I’m pretty sure I am living through the zombie apocalypse.

Looking at the water of the Gulf of Mexico, waves rhythmically crash onto the beach. I notice two people sitting on a concrete bench. Backs turned to the blue horizon, their heads stare down at the tiny screens anchored in their hands. The only hint of life is the twitching of their thumbs, repeatedly asking the screen to keep them entertained.

The couple is somewhere — but certainly not a few yards from Mother Nature’s big show.

I am increasingly worried about the unintended impact of people disengaging from life, addicted — for a lack of a better word — to tiny devices in their hands. Their world is less about where they are or whom they are with at the moment and more about the environment pouring from a tiny screen.

Looking back at the concrete bench, waves dancing behind the couple, they have yet to move or say a word to each other. Mother Nature is doing all she can do short of splashing them with salt water.

You don’t have to look too far to see what I’m talking about. People are so engrossed in the tiny screens in their hands they blindly plod along city streets, dangerously unaware of their surroundings. Restaurants are filled with couples on dates, both pouring their valuable attention into millions of pixels instead of each other. And more and more you see entire families sitting around a table, each with a device in their hands, totally disengaged from each other.

This zombie apocalypse could change the world as we know it.

Humans are social animals. And the art of conversation is a skill you hone over time, drawing out and listening to others. As predictable as the algorithm feed is before your eyes, real life is as equally unpredictable. While one is based on feeding you the cotton candy of what you already like, the latter is like a form of Russian roulette — you never knowing exactly what will come your way. And therein lies the fun, the development of skills, the appreciation for others and different points of view.

I can’t help but wonder whether our new zombie culture won’t lead to our undoing or at least severely damage our ability to build successful families, friendships and society.

Today’s zombie culture is fed by a diet of predetermined content and interests and the reinforcement of like opinions. The very platform heralded as the opening of Pandora’s box of information is instead closely controlled by sophisticated formulas designed to sharpen, narrow and shallow out our pools of interests. We are, technologically speaking, not too far removed from cattle being led to the slaughterhouse.

We could all end up as tasteless and homogenized as hamburger.

I look back at the couple at the water’s edge. I wish they would speak to each other, learn something new about the other, and build a deep well of conversations to one-day build upon.

But then again, zombies don’t feel or speak.

Leonard Woolsey: 409-683-5207; leonard.woolsey@galvnews.com

President & Publisher

(4) comments

Mike Dean

Great Piece!

Bailey Jones

We go through revolutions like this every so often - Gutenberg's printing press, the invention of radio, the telephone. Then, as now, a new world of information is made available to the average human, some of it useful and factual, much of it damaging and dangerous. And a new means of communicating with ever larger and larger networks of humanity becomes available.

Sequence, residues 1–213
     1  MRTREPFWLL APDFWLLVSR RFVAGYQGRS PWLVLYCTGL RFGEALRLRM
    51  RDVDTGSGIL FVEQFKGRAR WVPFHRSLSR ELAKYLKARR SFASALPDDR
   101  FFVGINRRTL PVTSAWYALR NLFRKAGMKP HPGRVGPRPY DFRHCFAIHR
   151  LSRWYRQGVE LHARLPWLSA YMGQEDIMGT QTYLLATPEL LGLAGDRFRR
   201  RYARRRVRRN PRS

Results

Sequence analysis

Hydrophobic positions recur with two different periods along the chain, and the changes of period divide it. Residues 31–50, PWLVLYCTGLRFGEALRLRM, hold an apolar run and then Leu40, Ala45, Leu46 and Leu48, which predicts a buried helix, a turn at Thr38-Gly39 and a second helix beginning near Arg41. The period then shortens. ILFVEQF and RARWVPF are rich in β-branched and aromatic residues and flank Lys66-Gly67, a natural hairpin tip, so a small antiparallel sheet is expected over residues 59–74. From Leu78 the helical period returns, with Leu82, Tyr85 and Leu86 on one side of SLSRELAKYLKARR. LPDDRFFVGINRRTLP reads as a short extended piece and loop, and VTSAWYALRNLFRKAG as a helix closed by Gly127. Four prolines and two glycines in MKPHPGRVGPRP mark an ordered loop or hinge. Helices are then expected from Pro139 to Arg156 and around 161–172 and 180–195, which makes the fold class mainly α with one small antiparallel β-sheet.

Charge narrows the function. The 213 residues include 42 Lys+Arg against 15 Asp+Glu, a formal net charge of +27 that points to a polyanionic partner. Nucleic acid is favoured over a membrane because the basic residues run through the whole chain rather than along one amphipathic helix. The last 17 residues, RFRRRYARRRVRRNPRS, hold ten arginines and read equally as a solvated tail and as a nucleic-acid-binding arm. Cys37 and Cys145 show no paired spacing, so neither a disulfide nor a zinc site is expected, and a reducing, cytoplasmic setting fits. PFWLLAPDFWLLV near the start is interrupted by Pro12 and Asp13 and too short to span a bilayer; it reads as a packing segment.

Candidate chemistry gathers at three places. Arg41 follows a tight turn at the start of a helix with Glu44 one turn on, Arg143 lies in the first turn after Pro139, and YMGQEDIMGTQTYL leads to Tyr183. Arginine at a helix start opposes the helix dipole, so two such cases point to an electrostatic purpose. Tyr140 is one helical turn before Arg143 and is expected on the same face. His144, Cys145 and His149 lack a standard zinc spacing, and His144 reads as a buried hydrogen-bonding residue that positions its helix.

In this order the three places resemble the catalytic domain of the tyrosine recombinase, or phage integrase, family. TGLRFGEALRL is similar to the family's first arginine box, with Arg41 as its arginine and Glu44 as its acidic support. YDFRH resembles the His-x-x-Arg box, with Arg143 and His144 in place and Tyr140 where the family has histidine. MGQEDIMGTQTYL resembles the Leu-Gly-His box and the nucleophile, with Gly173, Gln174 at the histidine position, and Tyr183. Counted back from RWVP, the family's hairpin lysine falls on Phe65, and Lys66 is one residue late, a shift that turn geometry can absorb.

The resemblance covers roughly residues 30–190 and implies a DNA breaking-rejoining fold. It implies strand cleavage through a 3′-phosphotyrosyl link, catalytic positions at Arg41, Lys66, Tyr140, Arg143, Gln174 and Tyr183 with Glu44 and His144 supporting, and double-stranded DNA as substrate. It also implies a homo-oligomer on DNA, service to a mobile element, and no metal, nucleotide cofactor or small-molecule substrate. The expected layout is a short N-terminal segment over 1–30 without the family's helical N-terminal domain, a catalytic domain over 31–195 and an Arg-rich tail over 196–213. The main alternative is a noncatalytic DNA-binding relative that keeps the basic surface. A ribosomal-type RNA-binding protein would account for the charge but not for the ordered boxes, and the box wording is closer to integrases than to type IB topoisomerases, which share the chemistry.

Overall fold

I spend a lot of time with my devices - sometimes conversing and debating issues of the day, like writing this letter, but most of my time is spent talking to friends and family. Friends I haven't seen since high school, family that has moved across the country. I have a much wider network of friends and family (and new friends) now than 20 years ago. I share their lives in ways I never would without my phone or PC (I'm old school). Yes, it's great to sit on the beach and watch the waves. But some of us work for a living, and it's great to see photos of sunrise and sunset at the beach on Galveston's facebook pages each and every day. It's useful to get crime reports in real time on Galveston's Crime watcher page. It's handy to read this newspaper without having to generate landfill. This morning I read an article on hominid evolution, saw a dozen pictures of a friend's grandchild, saved a loving note from my daughter, passed on some tips to a new member of a hobby group, laughed at Bloom County, was irritated by an idiot. And I walked the dogs and spent a good amount of time talking to neighbors and watching the leaves fall. The real downside of our device addiction is misinformation and lies - the same issue that Gutenberg and Marconi had. But that's a whole other subject.

Jose' Boix

A great thinking piece of writing. The dichotomy: Is the "tool" driving/controlling our "God given talents," or no we should be able to use our talents to enable rational thinking to lead our lives.

Miceal O'Laochdha

The examples of what you are pointing out here Leonard are legion and constant. Your own example at the beach is one I notice every day. Just this morning while driving down Seawall Blvd, I saw a woman walking along the beach, feet just touching the water's edge, riveting all her attention into the phone in her upraised palm. Why did she bother to come there? I always assume these people are looking at photos or videos of beaches elsewhere, while they walk along an actual beach, oblivious. How easy it will be to lead such people off any cliff a manipulative entity wishes.

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